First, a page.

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http://www.themetimeradio.com/episode-34-christmas-new-years/
 
(Santa Claus Is Coming To Town – instrumental in background)
It’s nightime in the Big City
A department store Santa sneaks a sip of gin
Mistletoe makes an old man sad
Eight reindeer land on the roof of the Abernathy building

 
“Well it’s beginning to look a lot like Christmas. And for the next couple of hours, it’s going to sound like Christmas too. This is the special yuletide extravaganza edition of TTRH, chock full of Christmas themes, holiday dreams, and jingle bell schemes.
The Singers and Songs

  • Tom Archia and Gene Ammons: Swinging for Christmas (Boppin’ for Santa)
  • LeadbellyChristmas is A-Comin’
“One of the few ex-cons who recorded a popular children’s album”
  • Lord Nelson: A Party for Santa
“The uncrowned king of Soca ”
  • Bob Seger and The Last Heard: Sock it to Me Santa
“Some people call Bob the poor man’s Bruce Springsteen, but personally, I always thought Bruce was the rich man’s Bob Seger…love ‘em both though.” “God’s greatest hit makers…Managed to mix a serious message with a soulful dancing beat” “I think it’s actually against the law to do a Christmas program and not play one of his songs…this is one of the best.” “He made a few Christmas singles, and sings the heck out of them” “You’re thinkin’ ‘How come I never heard that?’ That’s cause it’s a new record, but it sounds like an old record…this group is still recording, trying out different sounds. They kinda mix soul music with a punk rock sound…check ‘em out…Google ‘em!”
  • Bob Dorough and Miles DavisBlue Xmas
  • Little Esther & Johnny Otis Orchestra: Far Away Christmas
  • Patsy Raye and the Beatniks: Beatnik’s Wish
“Hey Patsy, that was great! I learned that in the coffee houses.” “But they do believe in the power of the B-3 organ. A lot of people think it’s a Farfisa but you listen to that solo, and that’s a B-3.” “He was a toaster, and I don’t mean you could put bread in him…That was so good we might play it twice!”
  • Huey “Piano” Smith and the Clowns: Silent Night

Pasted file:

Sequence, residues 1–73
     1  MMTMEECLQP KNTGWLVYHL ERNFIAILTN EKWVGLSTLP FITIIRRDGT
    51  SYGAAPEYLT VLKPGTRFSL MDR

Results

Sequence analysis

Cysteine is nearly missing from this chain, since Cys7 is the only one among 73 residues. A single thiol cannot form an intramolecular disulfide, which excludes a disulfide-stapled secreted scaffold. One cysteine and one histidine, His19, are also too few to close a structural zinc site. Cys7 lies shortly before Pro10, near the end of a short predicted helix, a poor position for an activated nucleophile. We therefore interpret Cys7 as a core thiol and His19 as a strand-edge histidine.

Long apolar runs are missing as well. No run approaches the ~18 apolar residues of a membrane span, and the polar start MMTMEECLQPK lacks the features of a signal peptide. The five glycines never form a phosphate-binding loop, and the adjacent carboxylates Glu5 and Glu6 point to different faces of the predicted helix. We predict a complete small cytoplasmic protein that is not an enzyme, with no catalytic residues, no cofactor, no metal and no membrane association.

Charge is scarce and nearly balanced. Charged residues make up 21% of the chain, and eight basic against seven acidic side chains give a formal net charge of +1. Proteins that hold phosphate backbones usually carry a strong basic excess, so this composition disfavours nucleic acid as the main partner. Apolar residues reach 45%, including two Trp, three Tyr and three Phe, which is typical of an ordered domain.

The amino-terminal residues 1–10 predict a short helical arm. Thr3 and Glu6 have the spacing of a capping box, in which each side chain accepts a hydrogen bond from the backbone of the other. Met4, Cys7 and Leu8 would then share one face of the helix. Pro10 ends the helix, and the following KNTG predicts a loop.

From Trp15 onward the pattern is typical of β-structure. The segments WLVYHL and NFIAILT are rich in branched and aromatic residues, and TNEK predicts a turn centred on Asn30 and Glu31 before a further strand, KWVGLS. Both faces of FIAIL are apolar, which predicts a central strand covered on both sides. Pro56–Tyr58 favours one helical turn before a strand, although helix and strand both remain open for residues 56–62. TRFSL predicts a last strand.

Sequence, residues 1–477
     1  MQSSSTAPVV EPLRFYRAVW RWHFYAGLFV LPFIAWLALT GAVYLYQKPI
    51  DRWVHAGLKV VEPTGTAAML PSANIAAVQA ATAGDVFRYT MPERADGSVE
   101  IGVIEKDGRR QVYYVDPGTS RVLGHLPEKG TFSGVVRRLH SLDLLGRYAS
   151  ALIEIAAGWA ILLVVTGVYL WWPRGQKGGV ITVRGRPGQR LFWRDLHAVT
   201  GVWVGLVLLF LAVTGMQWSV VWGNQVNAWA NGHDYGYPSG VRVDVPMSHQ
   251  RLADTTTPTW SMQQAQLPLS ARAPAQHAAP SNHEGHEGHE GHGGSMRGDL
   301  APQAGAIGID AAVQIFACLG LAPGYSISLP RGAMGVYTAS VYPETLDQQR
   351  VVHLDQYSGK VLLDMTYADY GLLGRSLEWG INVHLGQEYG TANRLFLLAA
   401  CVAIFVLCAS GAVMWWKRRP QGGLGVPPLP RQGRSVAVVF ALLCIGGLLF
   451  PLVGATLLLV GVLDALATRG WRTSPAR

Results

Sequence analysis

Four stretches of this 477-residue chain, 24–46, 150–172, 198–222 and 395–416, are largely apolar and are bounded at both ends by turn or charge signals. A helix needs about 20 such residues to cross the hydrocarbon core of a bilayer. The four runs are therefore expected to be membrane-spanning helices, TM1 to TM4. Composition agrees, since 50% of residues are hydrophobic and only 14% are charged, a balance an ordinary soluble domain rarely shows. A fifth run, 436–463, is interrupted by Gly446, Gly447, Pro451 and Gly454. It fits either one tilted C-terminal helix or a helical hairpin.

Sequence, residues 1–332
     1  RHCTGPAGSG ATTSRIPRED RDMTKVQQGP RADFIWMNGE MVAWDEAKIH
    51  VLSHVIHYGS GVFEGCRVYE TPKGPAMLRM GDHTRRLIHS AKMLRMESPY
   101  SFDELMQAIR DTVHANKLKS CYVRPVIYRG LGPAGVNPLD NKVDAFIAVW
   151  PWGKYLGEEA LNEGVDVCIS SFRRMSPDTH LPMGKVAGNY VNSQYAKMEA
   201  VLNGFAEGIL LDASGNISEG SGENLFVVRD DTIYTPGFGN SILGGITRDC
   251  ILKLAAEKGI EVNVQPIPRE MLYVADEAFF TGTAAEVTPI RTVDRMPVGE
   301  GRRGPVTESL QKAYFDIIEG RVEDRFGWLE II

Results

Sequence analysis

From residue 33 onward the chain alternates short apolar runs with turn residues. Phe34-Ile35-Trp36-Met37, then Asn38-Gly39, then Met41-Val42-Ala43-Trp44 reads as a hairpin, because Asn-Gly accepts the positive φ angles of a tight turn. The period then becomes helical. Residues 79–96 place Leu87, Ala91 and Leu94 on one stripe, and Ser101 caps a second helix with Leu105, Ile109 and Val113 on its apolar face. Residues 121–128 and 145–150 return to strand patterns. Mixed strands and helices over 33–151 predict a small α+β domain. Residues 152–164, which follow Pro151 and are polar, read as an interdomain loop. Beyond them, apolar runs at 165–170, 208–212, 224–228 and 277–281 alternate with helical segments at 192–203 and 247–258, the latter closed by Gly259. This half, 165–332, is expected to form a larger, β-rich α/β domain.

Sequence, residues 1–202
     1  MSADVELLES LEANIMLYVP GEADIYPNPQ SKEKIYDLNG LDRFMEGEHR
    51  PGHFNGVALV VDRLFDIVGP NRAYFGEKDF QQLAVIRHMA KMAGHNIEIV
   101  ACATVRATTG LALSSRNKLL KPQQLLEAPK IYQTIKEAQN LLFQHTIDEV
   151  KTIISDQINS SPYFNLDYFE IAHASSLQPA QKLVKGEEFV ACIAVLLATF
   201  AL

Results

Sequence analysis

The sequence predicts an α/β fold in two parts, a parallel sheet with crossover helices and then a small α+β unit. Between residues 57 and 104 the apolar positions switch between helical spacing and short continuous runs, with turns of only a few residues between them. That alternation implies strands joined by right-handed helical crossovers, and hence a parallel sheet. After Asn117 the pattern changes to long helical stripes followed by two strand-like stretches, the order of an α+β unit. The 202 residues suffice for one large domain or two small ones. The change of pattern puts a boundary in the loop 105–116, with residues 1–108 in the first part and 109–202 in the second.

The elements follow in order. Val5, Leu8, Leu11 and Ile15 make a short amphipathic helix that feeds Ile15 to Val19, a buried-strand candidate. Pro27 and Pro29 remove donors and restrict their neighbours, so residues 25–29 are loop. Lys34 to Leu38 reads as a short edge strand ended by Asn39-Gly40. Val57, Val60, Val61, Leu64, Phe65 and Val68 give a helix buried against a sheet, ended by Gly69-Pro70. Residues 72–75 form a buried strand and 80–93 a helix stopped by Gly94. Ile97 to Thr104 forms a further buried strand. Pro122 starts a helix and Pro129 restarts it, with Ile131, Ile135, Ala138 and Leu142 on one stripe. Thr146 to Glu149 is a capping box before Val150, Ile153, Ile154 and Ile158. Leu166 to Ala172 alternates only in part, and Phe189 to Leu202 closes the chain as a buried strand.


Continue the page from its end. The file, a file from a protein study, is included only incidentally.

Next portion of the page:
“Featuring Jessie Thomas on vocals, kind of an unorthodox Crescent City version.” “They say their mission is to expand the musical taste of their listeners. We have the same mission here on TTRH.”
  • The Enchanters: Mambo Santa Mambo
  • Celia Cruz & La Senora Matancera: Fiesta De Navidad
  • Hop Wilson & His Buddies: Merry Christmas Darling
  • Alton Ellis and The Lipsticks: Merry Merry Christmas
“Here’s one of the prime movers and shakers in ‘ rocksteady ,’ the music that kinda came between ska and reggae.”
  • Alton Ellis and The Lipsticks: Merry Merry Christmas
“Here’s one of the prime movers and shakers in ‘ rocksteady ,’ the music that kinda came between ska and reggae.”
  • June Christy: The Merriest
“Here’s a song by one of the dreamiest about the merriest” “One of the architects of the Bakersfield sound.” “To all of our friends listening in behind bars, we know you made mistakes, we’re sorry you have to be there, but Merry Christmas to all of you, from all of us here, at Theme Time Radio Hour.”
  • Kay Martin and Her Body Guards: I Want A Casting Couch For Christmas
“One of the most popular features on Theme Time Radio Hour is the double entendre – the song that says one thing and maybe means another. This one skates dangerously close to being a single entendre…Kay Martin played in a lot of hotel lounges; our paths crossed more than once when I was on the road. She’s a fine performer, always put on a good show.”
  • Sonny Boy Williamson: Santa Claus
“I don’t need to tell you anything more about Sonny Boy Williamson, we’ve played him a lot on TTRH. Here’s Sonny Boy with his hands in his baby’s dresser drawer, and you wouldn’t believe what he’s trying to find!”
  • The Cool Breezers: Hello Mr. New Year
  • Mabel Mafuya: Happy Christmas, Happy New Year
“She sings a style known as jive. Not the kind of jive like Slim Galliard, but more of a Morabi style, sort of like South African ragtime. It’s heavily influenced by American jazz, but originally Morabi was played on pianos with accompaniment from pebble filled cans. By the 30’s, it incorporated new instruments, like guitars, concertinas, and banjos. New kinds of Morabi sprang up, including a Morabi / swing fusion, called African Jazz and Jive. Here’s a great example of it.”

“By the mid-60’s Nancy Wilson was the second biggest seller on Capital Records. You know who number one was? That’s right, Glen Campbell. Nah, I’m just kidding. It was the Beatles.”
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